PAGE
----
Finally, Peter Walter II reached the third floor of the Walter Mansion and made his way down the hall towards the drawing room; literally, the room where people in the household went to draw. His head was bent as he mulled over the warning The Spine had given him. He knew Rabbit would take it hard, they all would, but why would The Spine single Rabbit out?
Rabbit was the first automaton his father had created. He'd been around longer than The Spine or any of them, and LONG before the Walter children had been born. He'd seen battle and death before, gone to war with his fellow automatons. Sure, Rabbit had malfunctions every once in a while, and he was a little more worse for wear compared to the other bots, but he was tough.
Peter II had reached the doorway of the drawing room; he paused and leaned against the doorframe, gazing at exactly what he'd expected to find; Rabbit was sprawled out on the deep carpet, propped up on his pointed elbows as he lorded over a large piece of paper spattered with color. His legs were in the air, creaking as they rocked back and forth as the automaton committed his focus to his work.
Peter watched Rabbit, remembering growing up with the automaton. If The Spine had been like his older brother, Rabbit had definitely been his best friend. Of course Peter II loved The Jon and HatchWorth, but something about he and Rabbit had clicked from the beginning. While Peter III would head off with HatchWorth and The Jon, Rabbit and Peter II would spend hours together drawing, or dancing, or playing games and having adventures that were invisible to everyone but the two of them. They'd spent countless afternoons watching movies, chattering away about nonsense, telling each other stories. Yes, Peter II loved all of his father's creations equally, but there was something special about Rabbit.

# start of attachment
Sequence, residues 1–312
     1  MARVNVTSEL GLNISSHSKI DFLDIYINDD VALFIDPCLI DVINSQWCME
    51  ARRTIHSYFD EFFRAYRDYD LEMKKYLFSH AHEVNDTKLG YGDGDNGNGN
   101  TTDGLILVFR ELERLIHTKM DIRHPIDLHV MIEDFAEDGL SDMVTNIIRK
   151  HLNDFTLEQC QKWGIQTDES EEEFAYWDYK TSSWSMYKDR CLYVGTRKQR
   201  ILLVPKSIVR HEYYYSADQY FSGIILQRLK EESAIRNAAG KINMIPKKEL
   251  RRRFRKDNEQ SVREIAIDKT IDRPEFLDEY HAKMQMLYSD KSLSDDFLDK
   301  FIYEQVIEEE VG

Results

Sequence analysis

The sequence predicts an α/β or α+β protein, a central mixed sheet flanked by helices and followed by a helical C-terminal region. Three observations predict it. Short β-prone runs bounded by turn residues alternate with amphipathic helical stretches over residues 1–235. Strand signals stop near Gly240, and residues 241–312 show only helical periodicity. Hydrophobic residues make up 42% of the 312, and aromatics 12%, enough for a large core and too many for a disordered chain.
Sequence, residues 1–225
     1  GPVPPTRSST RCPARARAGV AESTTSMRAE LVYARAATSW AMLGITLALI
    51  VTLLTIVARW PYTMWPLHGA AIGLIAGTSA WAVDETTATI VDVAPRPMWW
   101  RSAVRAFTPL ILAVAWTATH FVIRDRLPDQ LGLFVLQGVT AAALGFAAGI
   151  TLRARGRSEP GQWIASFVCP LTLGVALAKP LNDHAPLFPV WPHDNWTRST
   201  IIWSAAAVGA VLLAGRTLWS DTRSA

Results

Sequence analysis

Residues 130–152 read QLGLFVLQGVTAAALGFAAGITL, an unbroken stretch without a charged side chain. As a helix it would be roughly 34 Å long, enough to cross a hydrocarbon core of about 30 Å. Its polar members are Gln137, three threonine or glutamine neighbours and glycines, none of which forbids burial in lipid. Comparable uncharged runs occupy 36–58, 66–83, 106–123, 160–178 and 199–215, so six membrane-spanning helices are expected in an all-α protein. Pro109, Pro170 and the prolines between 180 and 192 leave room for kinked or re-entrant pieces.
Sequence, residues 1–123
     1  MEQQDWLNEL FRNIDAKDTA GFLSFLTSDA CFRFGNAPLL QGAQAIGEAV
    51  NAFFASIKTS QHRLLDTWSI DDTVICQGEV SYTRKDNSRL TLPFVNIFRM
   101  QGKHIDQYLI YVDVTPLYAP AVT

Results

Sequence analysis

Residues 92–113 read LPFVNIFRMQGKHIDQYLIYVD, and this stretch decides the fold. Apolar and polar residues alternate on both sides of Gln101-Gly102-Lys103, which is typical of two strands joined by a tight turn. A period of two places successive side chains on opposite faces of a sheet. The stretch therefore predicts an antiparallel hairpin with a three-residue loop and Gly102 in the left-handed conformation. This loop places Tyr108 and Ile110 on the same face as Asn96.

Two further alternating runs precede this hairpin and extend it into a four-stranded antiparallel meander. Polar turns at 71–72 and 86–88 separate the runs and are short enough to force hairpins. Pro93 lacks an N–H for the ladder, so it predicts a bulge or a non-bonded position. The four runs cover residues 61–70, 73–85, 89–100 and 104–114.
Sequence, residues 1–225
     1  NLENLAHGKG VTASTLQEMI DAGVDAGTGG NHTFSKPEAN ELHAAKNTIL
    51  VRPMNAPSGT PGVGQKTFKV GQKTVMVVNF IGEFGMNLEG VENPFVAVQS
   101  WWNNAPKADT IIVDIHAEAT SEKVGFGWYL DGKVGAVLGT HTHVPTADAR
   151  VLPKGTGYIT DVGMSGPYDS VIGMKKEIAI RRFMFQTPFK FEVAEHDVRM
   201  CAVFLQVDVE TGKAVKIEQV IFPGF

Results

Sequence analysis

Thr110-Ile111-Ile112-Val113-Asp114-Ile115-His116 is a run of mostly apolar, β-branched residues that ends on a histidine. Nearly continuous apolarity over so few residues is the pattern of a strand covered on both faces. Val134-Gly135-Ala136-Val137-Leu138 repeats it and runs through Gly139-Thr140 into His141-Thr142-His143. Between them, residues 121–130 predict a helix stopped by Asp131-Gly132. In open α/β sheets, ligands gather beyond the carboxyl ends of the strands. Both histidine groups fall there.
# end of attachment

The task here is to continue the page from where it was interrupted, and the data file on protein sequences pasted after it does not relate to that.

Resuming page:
As Peter II stood musing in the doorway, the copper robot at long last lifted his duel-colored photoreceptors from his drawing. Spying Peter, his jaw nearly disconnected in a grin.
"Oh, hi ya Petes! C'mon in, OH, and take a look! I dre-drew a picture of tha Moon!"
The robot sprang up and ran to the doorway. Rabbit wrapped his spindly fingers around Peter II's arm, pulling him with great enthusiasm to the middle of the room. The robot's legs folded under him and he pulled Peter down beside him. Bending forward, Rabbit delicately picked up the large piece of paper he'd been laboring over and tilted it toward his friend to give him a better look at it.
"See, that right there? That's tha Moon. And there's me on tha Moon with my-my-my helmet of awesome, saying 'I win tha Moon.' And there's Th' Spine with a little flag that says, 'Rabbit wins the Moon," but he doesn't have an awe-awesome helmet, because only I can have one, cuz I'm awesome like that. And there's Tha Jon, and he's falling off tha Moon because the wizard broke his jetpack. And way back in the distance is the earth, and ya kinda hafta squint but if you look REAL hard you ca-ca-can see Hatchy on the earth, because we didn't have enough jetpacks. And there's the hippopotamus."
Rabbit handed Peter II the drawing proudly, "I got your message on the Wifi, but I got all bored waiting. Do you think Pap-Pappy'll like it?"
Peter smiled at the cartoonish, though highly detailed drawing in front of him. To his dismay, he felt the burning in his eyes again; he hurriedly blinked it away.
"You okay, Petes?" Rabbit had concern in his voice. He looked from Peter II to his drawing, "It's not that bad, is it?"
Peter smiled sadly at the drawing as he handed it back to Rabbit.
"It's wonderful, Rabbit, and I'm sure Pappy would've loved it," he paused, trying to think of how to proceed.
"Would have?" asked Rabbit, leaning away from Peter, his eyebrows creaking up his forehead.
"Rabbit... See, something happened this morning, Rabbit. Something not very good involving Pappy," Peter cleared his throat, remembering The Spine's warning before he went on.